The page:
Rutgers United Students Against Sweatshops march to Old Queens
For the past year, the Rutgers United Students Against Sweatshops (RUSAS) has been promoting their “30% Campaign” demanding that Rutgers administration source at least 30 percent of the apparel sold in the Barnes and Noble bookstore on the College Avenue campus from factories that pay their workers a prevailing wage and allow collective bargaining.
Yesterday, after gathering around 50 signatures on a banner for their campaign, members of USAS stood outside Old Queens on the College Avenue campus in hopes of confronting Rutgers President Robert L. Barchi about the issue, said Sivan Rosenthal, a member of RUSAS.
After waiting outside of Old Queens for ten minutes, Rosenthal said the University president exited the building and told members of USAS who approached him that supports their work.
While Rutgers currently sources 10 percent of Barnes and Noble apparel from factories with humane working conditions, the School of Arts and Sciences sophomore said the University could bump that number to 30 percent.
Members of USAS are scheduled to meet with lower-level administrators on April 22 to discuss the campaign, which they have already done twice this year, Rosenthal said. The students have yet to meet with Barchi, who Rosenthal said is the only person with the power to change the apparel contracts, but USAS has met with Felicia McGinty and Richard L. Edwards in the past.
"It seems there was some miscommunication between us before about what the program actual entails, which is why maybe they thought (the campaign) wasn't possible to implement at Rutgers before," she said. "We are looking to explain why (30 percent) could work at this school."
The appropriate university administrators and other decision makers have been engaged with USAS over the past few years on a variety of issues, including this one, said E.J. Miranda, a Rutgers spokesperson, in an email.
Rutgers has been a member of the Fair Labor Association (FLA) since 1999, an international organization that combines the efforts of businesses, civil society organizations and universities to protect workers’ rights and improve working conditions worldwide, promoting adherence to international labor standards, Miranda said in the email.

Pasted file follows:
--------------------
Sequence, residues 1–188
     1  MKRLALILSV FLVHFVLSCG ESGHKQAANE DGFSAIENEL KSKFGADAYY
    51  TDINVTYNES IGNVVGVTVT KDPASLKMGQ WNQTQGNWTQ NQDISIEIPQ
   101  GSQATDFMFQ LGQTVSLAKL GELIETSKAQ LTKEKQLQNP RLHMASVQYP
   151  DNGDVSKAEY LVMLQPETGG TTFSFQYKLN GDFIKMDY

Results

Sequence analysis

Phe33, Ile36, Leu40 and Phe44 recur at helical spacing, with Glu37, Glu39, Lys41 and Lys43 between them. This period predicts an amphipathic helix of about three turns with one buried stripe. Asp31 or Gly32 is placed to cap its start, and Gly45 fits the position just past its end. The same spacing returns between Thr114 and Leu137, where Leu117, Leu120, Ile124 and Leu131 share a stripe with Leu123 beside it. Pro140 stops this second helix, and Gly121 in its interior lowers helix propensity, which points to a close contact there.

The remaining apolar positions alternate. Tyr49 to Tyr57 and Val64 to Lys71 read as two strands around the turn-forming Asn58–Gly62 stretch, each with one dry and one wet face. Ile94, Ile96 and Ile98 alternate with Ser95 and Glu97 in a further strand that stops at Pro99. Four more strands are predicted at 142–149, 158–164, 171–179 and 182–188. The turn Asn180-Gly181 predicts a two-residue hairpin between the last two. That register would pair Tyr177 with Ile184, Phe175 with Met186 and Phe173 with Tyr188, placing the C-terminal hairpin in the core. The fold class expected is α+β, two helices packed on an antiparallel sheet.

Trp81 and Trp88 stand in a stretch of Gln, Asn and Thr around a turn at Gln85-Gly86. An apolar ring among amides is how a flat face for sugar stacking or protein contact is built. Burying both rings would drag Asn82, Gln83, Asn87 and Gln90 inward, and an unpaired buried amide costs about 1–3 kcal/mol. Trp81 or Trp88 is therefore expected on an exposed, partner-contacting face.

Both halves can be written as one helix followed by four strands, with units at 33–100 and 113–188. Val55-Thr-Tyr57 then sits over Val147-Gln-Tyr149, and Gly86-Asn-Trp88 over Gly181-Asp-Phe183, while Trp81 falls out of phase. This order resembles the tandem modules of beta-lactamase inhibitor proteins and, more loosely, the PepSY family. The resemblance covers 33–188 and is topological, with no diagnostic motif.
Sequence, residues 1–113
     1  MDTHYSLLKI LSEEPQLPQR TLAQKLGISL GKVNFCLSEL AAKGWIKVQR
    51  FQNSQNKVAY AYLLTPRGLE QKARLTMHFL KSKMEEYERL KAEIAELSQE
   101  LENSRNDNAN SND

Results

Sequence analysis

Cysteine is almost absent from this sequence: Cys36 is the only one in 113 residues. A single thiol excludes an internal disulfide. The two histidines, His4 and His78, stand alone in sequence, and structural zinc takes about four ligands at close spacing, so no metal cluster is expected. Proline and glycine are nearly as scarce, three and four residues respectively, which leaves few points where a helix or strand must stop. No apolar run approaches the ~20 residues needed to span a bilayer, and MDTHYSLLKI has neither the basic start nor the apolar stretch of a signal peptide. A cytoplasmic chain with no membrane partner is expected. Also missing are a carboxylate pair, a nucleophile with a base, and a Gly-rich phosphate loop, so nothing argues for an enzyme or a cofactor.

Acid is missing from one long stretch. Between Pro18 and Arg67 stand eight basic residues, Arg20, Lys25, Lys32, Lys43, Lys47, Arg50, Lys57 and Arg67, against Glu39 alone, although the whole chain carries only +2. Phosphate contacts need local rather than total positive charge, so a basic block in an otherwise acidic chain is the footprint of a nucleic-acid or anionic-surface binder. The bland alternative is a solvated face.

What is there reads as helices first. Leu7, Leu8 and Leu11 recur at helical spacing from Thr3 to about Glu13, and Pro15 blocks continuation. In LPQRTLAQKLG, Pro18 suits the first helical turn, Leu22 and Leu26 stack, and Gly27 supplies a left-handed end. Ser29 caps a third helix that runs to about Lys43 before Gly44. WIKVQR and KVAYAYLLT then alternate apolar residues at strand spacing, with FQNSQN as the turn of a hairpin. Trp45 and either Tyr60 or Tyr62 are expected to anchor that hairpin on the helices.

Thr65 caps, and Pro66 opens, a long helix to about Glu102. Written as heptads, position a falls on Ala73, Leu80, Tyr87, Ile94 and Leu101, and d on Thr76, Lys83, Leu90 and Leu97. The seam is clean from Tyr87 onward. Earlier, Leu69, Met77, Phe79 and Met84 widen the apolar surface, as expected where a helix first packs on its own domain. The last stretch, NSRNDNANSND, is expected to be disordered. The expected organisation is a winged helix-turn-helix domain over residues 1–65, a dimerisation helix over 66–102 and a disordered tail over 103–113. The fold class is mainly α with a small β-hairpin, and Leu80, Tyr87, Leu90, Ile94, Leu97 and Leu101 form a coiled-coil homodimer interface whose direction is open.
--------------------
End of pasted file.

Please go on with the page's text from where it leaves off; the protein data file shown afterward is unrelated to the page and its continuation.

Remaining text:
Rutgers is also a member of the Workers Rights Consortium (WRC), an independent labor rights monitoring organization that conducts investigations of conditions in factories worldwide, Miranda said.
"We look forward to continuing to make progress with USAS because Rutgers University has a long and proud history of supporting workers’ rights and promoting safe working conditions around the world," he said.
Rosenthal said the meeting with administrators will likely be different from meetings in the past because the campaign has had time to grow and build. Last semester, the administration told USAS members to do research on the topic and figure out the financial aspect of the situation.
The members of USAS work with the Workers Rights Consortium (WRC), which Rutgers and many other universities around the country fund, Rosenthal said. After working with the WRC, Rosenthal said it is clear there are three possible apparel factories that produce ethically, but Rutgers only sources about 3 to four percent of apparel from one of those factories.
"Now we are fully prepared to say we know we have the power to implement this," Rosenthal said.
There are two other colleges in the United States that are currently running the same campaign, the University of Illinois-Chicago and Grand Valley State University, Rosenthal said. Rutgers has already been "revolutionary" in their support for sweat-free apparel, which was exemplified when the University cut sourcing last year from multiple companies producing in sweatshop conditions.
"We have been doing research this whole semester to make sure that when we do meet with administrators on the 22nd, we have all our facts in order and present a clear case on why this is possible," Rosenthal. "...This is going to create a market for sweat-free apparel, which is essential."